Lead author Dr Sharon Deem, Director of the Saint Louis Zoo Institute for Conservation Medicine, said: "Demand for livestock products, such as meat and milk, is rising across the globe and could offer poor farmers a route out of poverty as markets expand, but zoonotic disease remains a major obstacle to this goal.

"Further research to determine whether the MERS virus is dangerous to humans in Kenya and other sub-Saharan countries is critical."

Source:
University of Liverpool | ScienceDirect

Reference:
Chantal B. Reusken et al. Serological Evidence of MERS-CoV Antibodies in Dromedary Camels (Camelus dromedaries) in Laikipia County, Kenya. PLOS ONE, October 2015 DOI: 10.1371/journal.pone.014012

Chantal BEM Reusken, Bart L Haagmans, Marcel A Müller, Carlos Gutierrez, Gert-Jan Godeke, Benjamin Meyer, Doreen Muth, V Stalin Raj, Laura Smits-De Vries, Victor M Corman, Jan-Felix Drexler, Saskia L Smits, Yasmin E El Tahir, Rita De Sousa, Janko van Beek, Norbert Nowotny, Kees van Maanen, Ezequiel Hidalgo-Hermoso, Berend-Jan Bosch, Peter Rottier, Albert Osterhaus, Christian Gortázar-Schmidt, Christian Drosten, Marion PG Koopmans. Middle East respiratory syndrome coronavirus neutralising serum antibodies in dromedary camels: a comparative serological study. The Lancet Infectious Diseases, 2013; 13 (10): 859 DOI: 10.1016/S1473-3099(13)70164-6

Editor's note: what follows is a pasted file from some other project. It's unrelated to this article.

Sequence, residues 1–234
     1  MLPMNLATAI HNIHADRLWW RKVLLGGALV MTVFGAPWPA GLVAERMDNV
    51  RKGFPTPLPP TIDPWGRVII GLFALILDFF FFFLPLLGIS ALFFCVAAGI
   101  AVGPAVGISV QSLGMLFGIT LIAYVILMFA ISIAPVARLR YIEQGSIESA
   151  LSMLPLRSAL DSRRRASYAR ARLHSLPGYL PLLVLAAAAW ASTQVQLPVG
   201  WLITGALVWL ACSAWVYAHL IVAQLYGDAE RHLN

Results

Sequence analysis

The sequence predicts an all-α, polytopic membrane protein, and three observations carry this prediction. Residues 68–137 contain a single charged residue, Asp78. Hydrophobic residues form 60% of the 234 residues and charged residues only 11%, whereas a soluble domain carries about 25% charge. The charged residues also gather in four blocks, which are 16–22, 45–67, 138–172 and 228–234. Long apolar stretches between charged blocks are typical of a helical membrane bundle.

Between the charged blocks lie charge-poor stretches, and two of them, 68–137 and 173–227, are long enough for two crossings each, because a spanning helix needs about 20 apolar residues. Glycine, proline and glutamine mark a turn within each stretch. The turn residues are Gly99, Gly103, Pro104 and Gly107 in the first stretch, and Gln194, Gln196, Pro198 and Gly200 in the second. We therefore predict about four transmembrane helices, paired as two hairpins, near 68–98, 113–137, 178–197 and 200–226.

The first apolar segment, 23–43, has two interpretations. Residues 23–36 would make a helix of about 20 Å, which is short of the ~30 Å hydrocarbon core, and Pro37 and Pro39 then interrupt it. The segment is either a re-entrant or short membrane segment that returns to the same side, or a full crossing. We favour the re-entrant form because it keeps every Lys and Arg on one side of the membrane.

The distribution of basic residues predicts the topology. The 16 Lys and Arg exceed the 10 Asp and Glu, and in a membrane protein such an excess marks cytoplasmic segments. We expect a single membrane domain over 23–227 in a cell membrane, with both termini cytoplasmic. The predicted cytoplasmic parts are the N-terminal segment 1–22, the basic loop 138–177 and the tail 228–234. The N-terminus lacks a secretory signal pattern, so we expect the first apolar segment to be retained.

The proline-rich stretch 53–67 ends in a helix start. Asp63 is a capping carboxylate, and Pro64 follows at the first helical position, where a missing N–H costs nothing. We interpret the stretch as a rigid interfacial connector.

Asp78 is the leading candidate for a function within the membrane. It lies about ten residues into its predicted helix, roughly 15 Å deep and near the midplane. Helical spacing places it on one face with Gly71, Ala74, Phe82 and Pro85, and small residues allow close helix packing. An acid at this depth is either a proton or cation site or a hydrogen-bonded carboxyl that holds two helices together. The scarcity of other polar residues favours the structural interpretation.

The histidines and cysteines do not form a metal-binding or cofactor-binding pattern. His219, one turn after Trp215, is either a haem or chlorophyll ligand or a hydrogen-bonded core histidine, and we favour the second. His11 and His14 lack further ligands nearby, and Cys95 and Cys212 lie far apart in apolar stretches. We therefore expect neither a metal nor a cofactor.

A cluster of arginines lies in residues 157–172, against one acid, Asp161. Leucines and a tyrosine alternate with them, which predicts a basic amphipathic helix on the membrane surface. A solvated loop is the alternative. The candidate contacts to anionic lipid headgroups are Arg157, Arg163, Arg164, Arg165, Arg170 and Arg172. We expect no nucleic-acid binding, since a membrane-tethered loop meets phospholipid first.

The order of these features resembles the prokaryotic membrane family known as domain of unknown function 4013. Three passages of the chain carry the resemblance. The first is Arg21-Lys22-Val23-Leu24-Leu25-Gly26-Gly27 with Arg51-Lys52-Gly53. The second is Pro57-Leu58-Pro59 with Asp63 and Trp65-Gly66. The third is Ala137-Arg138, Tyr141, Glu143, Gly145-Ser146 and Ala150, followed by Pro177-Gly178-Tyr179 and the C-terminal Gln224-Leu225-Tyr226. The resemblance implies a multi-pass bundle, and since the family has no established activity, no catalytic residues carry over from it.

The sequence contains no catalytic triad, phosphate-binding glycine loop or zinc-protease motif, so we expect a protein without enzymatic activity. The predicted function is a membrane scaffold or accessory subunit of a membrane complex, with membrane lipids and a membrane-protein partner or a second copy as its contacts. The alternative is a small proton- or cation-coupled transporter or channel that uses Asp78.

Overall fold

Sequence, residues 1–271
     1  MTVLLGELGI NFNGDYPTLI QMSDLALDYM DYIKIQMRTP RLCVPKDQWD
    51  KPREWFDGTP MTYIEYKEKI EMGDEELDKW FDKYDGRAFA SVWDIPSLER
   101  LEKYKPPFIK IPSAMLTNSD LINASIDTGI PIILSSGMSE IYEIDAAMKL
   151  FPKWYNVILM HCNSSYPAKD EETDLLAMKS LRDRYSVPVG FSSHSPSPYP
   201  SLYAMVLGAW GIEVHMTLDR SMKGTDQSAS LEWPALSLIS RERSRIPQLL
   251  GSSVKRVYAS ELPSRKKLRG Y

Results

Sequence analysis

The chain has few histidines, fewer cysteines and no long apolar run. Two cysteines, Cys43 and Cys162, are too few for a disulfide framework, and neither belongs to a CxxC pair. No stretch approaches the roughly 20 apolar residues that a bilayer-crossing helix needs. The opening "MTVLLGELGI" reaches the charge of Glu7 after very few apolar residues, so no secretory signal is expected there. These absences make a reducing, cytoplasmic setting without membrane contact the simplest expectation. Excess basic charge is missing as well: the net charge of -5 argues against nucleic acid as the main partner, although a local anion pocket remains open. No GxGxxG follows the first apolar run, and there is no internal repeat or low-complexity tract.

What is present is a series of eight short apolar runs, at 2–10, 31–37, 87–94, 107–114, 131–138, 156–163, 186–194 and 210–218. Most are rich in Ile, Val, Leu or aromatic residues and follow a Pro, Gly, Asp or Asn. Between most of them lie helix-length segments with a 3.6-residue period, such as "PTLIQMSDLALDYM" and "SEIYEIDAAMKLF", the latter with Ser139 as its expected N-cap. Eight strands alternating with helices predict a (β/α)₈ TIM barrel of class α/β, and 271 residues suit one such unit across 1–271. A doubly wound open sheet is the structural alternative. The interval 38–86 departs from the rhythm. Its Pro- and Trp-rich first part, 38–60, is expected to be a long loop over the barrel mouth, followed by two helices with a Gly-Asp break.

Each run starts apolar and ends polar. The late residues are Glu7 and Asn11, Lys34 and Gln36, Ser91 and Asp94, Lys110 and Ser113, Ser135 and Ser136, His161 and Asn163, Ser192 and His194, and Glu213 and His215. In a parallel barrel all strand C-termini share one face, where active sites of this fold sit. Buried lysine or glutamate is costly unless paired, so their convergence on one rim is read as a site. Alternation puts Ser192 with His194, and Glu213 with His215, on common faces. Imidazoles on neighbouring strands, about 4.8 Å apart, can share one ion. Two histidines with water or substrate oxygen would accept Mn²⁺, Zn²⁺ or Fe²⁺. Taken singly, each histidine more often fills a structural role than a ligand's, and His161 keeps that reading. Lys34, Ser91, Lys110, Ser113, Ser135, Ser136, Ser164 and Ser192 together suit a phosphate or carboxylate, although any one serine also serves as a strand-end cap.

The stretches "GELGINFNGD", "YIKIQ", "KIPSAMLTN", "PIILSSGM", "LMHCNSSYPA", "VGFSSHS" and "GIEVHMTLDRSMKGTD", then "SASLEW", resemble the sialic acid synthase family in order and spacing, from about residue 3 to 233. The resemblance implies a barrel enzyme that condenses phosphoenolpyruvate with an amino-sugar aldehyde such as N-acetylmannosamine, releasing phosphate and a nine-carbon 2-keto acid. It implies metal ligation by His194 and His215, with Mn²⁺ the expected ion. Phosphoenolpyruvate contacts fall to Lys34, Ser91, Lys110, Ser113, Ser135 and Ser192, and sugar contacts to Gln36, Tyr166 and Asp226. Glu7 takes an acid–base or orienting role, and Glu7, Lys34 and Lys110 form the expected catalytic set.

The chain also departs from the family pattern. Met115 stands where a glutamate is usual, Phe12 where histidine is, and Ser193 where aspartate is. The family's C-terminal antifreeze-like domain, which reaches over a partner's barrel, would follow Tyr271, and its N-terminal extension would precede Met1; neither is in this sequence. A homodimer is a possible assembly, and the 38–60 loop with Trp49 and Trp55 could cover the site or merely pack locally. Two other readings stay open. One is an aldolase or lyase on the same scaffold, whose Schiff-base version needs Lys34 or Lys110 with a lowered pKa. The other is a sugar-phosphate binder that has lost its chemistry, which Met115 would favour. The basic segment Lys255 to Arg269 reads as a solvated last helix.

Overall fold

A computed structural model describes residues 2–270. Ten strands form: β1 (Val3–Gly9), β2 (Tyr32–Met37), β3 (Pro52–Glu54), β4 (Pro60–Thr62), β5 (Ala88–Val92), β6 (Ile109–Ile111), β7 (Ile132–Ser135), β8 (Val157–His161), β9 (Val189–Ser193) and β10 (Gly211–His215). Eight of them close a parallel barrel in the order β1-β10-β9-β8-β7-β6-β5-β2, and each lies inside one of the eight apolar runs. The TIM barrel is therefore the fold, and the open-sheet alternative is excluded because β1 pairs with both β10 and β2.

http://www.cdc.gov/coronavirus/mers/

http://www.who.int/csr/disease/coronavirus_infections/faq/en/

https://en.wikipedia.org/wiki/Middle_East_respiratory_syndrome_coronavirus

Popular posts from this blog

Gene therapy treats all muscles in the body in muscular dystrophy dogs

Human clinical trials are next step..
Source: www.healthcare.uiowa.edu
Muscular dystrophy, which affects approximately 250,000 people in the U.S., occurs when damaged muscle tissue is replaced with fibrous, fatty or bony tissue and loses function. For years, scientists have searched for a way to successfully treat the most common form of the disease, Duchenne Muscular Dystrophy (DMD), which primarily affects boys. Now, a team of University of Missouri researchers have successfully treated dogs with DMD and say that human clinical trials are being planned in the next few years.